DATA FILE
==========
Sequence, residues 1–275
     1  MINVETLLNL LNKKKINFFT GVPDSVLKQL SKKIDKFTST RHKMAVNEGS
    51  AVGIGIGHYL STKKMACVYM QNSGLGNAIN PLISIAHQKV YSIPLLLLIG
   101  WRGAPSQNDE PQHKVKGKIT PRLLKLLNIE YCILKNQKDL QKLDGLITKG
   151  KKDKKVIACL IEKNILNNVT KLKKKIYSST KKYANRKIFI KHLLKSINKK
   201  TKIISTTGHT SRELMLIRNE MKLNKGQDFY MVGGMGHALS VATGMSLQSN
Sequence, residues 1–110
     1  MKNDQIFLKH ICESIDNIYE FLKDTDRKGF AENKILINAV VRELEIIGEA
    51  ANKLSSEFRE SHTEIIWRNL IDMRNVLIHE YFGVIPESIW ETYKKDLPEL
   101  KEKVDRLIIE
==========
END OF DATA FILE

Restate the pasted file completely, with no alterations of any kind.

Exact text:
Sequence, residues 1–275
     1  MINVETLLNL LNKKKINFFT GVPDSVLKQL SKKIDKFTST RHKMAVNEGS
    51  AVGIGIGHYL STKKMACVYM QNSGLGNAIN PLISIAHQKV YSIPLLLLIG
   101  WRGAPSQNDE PQHKVKGKIT PRLLKLLNIE YCILKNQKDL QKLDGLITKG
   151  KKDKKVIACL IEKNILNNVT KLKKKIYSST KKYANRKIFI KHLLKSINKK
   201  TKIISTTGHT SRELMLIRNE MKLNKGQDFY MVGGMGHALS VATGMSLQSN
Sequence, residues 1–110
     1  MKNDQIFLKH ICESIDNIYE FLKDTDRKGF AENKILINAV VRELEIIGEA
    51  ANKLSSEFRE SHTEIIWRNL IDMRNVLIHE YFGVIPESIW ETYKKDLPEL
   101  KEKVDRLIIE